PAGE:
Defense Secretary Lloyd Austin launched a discussion about extremism in the US military Wednesday, as the Pentagon reels from the revelation that several troops and veterans participated in the January 6 attack on the Capitol.
Austin, who is the first Black person to serve as Pentagon chief, has given all units 60 days to hold a day of talks on extremism, his spokesperson John Kirby said.
The aim is to teach troops about the dangers of extremism and misinformation, but also to hear their views, Kirby added.
Over the past decade, several successive US administrations have acted slowly, if at all, on FBI and Department of Homeland Security warnings of white supremacists joining the police and military.
The Pentagon has never published figures on how many extremists it has booted from service.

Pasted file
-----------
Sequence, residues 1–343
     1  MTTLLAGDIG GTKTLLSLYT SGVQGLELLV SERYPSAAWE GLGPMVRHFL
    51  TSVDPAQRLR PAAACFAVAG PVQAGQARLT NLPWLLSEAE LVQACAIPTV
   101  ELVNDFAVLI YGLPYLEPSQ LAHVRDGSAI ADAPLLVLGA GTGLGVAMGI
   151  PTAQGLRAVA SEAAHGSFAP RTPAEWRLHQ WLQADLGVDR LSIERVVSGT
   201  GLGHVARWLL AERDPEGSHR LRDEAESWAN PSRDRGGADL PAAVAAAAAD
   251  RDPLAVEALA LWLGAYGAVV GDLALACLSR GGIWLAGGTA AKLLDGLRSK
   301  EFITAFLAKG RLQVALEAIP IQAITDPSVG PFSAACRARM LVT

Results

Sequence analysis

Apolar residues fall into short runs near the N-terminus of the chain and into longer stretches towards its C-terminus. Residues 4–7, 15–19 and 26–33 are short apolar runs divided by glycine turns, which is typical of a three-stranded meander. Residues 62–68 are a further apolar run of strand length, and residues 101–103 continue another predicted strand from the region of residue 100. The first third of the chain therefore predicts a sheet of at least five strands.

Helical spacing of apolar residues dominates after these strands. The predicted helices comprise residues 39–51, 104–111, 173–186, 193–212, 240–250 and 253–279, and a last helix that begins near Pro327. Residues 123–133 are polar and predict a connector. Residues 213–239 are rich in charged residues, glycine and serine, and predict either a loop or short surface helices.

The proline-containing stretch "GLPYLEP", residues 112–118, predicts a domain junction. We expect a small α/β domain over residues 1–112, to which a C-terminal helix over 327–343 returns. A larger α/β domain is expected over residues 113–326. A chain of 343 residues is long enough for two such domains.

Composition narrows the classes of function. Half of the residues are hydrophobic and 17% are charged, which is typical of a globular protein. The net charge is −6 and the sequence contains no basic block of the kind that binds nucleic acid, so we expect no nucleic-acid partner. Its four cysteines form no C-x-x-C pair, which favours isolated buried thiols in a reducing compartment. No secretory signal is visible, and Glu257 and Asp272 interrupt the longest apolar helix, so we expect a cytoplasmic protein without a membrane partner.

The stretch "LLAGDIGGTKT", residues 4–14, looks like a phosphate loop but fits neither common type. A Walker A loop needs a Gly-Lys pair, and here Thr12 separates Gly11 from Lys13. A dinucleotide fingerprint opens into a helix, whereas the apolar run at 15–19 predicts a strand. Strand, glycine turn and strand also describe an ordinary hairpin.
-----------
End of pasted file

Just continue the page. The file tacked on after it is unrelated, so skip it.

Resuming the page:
The storming of the Capitol building was a "wake-up call," Kirby said, adding the Pentagon does not yet understand the scale of the problem that "we haven't solved."
The Pentagon pulled 12 National Guard troops from duty ahead of President Joe Biden's inauguration as part of an extremism screening for the January 20 event.
Biden on Tuesday paid a final tribute at the Capitol to Brian Sicknick, the policeman who died of injuries he suffered in an attack by former president Donald Trump's supporters as they tried to overturn Biden's election win.